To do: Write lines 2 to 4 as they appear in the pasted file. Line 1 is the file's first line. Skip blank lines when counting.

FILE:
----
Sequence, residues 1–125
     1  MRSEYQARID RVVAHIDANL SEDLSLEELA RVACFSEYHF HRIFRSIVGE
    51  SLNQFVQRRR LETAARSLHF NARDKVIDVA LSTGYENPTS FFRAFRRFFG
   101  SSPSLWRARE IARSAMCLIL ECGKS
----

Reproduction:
     1  MRSEYQARID RVVAHIDANL SEDLSLEELA RVACFSEYHF HRIFRSIVGE
    51  SLNQFVQRRR LETAARSLHF NARDKVIDVA LSTGYENPTS FFRAFRRFFG
   101  SSPSLWRARE IARSAMCLIL ECGKS